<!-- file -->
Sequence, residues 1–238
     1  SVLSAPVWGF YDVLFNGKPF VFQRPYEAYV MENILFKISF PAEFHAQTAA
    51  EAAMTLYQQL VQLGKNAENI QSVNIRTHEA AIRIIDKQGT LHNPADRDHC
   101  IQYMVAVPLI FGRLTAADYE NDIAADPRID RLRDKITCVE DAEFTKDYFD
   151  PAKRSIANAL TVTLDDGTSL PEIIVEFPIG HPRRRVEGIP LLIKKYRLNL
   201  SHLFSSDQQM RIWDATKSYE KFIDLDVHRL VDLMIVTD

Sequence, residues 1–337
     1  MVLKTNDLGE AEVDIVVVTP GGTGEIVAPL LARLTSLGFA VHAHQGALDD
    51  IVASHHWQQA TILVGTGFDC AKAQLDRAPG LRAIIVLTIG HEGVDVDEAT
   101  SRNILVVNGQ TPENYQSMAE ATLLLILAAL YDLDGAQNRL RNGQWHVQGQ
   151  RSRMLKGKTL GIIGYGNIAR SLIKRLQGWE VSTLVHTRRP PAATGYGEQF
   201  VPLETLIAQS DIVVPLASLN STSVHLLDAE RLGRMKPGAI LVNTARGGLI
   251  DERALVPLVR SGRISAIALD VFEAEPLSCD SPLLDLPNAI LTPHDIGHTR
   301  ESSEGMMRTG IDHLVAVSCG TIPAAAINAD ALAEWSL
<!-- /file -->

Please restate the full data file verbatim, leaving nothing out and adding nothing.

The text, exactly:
Sequence, residues 1–238
     1  SVLSAPVWGF YDVLFNGKPF VFQRPYEAYV MENILFKISF PAEFHAQTAA
    51  EAAMTLYQQL VQLGKNAENI QSVNIRTHEA AIRIIDKQGT LHNPADRDHC
   101  IQYMVAVPLI FGRLTAADYE NDIAADPRID RLRDKITCVE DAEFTKDYFD
   151  PAKRSIANAL TVTLDDGTSL PEIIVEFPIG HPRRRVEGIP LLIKKYRLNL
   201  SHLFSSDQQM RIWDATKSYE KFIDLDVHRL VDLMIVTD

Sequence, residues 1–337
     1  MVLKTNDLGE AEVDIVVVTP GGTGEIVAPL LARLTSLGFA VHAHQGALDD
    51  IVASHHWQQA TILVGTGFDC AKAQLDRAPG LRAIIVLTIG HEGVDVDEAT
   101  SRNILVVNGQ TPENYQSMAE ATLLLILAAL YDLDGAQNRL RNGQWHVQGQ
   151  RSRMLKGKTL GIIGYGNIAR SLIKRLQGWE VSTLVHTRRP PAATGYGEQF
   201  VPLETLIAQS DIVVPLASLN STSVHLLDAE RLGRMKPGAI LVNTARGGLI
   251  DERALVPLVR SGRISAIALD VFEAEPLSCD SPLLDLPNAI LTPHDIGHTR
   301  ESSEGMMRTG IDHLVAVSCG TIPAAAINAD ALAEWSL